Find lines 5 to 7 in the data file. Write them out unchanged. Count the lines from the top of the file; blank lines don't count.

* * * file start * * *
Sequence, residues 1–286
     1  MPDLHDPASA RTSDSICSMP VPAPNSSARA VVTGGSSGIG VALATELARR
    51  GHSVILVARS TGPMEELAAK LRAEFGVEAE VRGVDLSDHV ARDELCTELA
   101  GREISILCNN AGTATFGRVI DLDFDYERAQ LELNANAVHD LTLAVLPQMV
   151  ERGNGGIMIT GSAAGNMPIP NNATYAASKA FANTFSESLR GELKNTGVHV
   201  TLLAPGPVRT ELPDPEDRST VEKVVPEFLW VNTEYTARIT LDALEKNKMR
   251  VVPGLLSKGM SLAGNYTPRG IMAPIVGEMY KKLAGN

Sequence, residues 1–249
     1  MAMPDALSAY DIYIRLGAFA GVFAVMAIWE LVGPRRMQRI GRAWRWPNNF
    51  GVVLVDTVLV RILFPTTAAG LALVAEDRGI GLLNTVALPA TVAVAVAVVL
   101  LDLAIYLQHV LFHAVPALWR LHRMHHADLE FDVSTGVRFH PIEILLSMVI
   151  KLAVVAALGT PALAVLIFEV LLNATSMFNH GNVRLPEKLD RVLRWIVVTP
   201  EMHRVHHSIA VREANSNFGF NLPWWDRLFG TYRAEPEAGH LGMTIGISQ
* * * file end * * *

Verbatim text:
   151  ERGNGGIMIT GSAAGNMPIP NNATYAASKA FANTFSESLR GELKNTGVHV
   201  TLLAPGPVRT ELPDPEDRST VEKVVPEFLW VNTEYTARIT LDALEKNKMR
   251  VVPGLLSKGM SLAGNYTPRG IMAPIVGEMY KKLAGN